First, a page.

Automated third-party library detection for Android applications: are we there yet?

Xian Zhan, Lingling Fan, Tianming Liu, Sen Chen, Li Li, Haoyu Wang, Yifei Xu, Xiapu Luo, Yang Liu

Research output: Chapter in Book/Report/Conference proceedingConference PaperResearchpeer-review

44 Citations (Scopus)

Abstract

Third-party libraries (TPLs) have become a significant part of the Android ecosystem. Developers can employ various TPLs with different functionalities to facilitate their app development. Unfortunately, the popularity of TPLs also brings new challenges and even threats. TPLs may carry malicious or vulnerable code, which can infect popular apps to pose threats to mobile users. Besides, the code of third-party libraries could constitute noises in some downstream tasks (e.g., malware and repackaged app detection). Thus, researchers have developed various tools to identify TPLs. However, no existing work has studied these TPL detection tools in detail; different tools focus on different applications with performance differences, but little is known about them. To better understand existing TPL detection tools and dissect TPL detection techniques, we conduct a comprehensive empirical study to fill the gap by evaluating and comparing all publicly available TPL detection tools based on four criteria: effectiveness, efficiency, code obfuscation-resilience capability, and ease of use. We reveal their advantages and disadvantages based on a systematic and thorough empirical study. Furthermore, we also conduct a user study to evaluate the usability of each tool. The results showthat LibScout outperforms others regarding effectiveness, LibRadar takes less time than others and is also regarded as the most easy-to-use one, and LibPecker performs the best in defending against code obfuscation techniques. We further summarize the lessons learned from different perspectives, including users, tool implementation, and researchers. Besides, we enhance these open-sourced tools by fixing their limitations to improve their detection ability. We also build an extensible framework that integrates all existing available TPL detection tools, providing online service for the research community. We make publicly available the evaluation dataset and enhanced tools. We believe our work provides a clear picture of existing TPL detection techniques and also give a road-map for future directions.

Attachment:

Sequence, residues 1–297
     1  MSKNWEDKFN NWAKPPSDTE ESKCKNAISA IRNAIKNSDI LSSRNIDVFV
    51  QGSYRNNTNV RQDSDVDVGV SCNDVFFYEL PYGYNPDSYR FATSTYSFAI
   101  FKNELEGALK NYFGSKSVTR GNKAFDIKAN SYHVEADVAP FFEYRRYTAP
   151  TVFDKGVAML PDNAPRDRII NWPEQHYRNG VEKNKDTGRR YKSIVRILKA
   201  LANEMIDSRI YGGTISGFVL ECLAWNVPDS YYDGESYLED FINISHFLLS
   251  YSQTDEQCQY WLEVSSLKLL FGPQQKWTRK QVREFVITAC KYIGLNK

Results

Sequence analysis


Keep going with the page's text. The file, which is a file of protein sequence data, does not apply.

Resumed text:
Original languageEnglish
Title of host publicationProceedings - 2020 35th IEEE/ACM International Conference on Automated Software Engineering, ASE 2020
EditorsClaire Le Goues, David Lo
Place of PublicationNew York NY USA
PublisherIEEE, Institute of Electrical and Electronics Engineers
Pages919-930
Number of pages12
ISBN (Electronic)9781450367684
DOIs
Publication statusPublished - 2020
EventAutomated Software Engineering Conference 2020 - Virtual, Melbourne, Australia
Duration: 21 Sept 202025 Sept 2020
Conference number: 35th
https://dl.acm.org/doi/proceedings/10.1145/3324884 (Proceedings)
https://conf.researchr.org/home/ase-2020 (Website)
https://dl.acm.org/doi/proceedings/10.1145/3417113 (Proceedings)

Conference

ConferenceAutomated Software Engineering Conference 2020
Abbreviated titleASE 2020
Country/TerritoryAustralia
CityMelbourne
Period21/09/2025/09/20
Internet address

Keywords

  • Android
  • Empirical study
  • Library detection
  • Third-party library

Cite this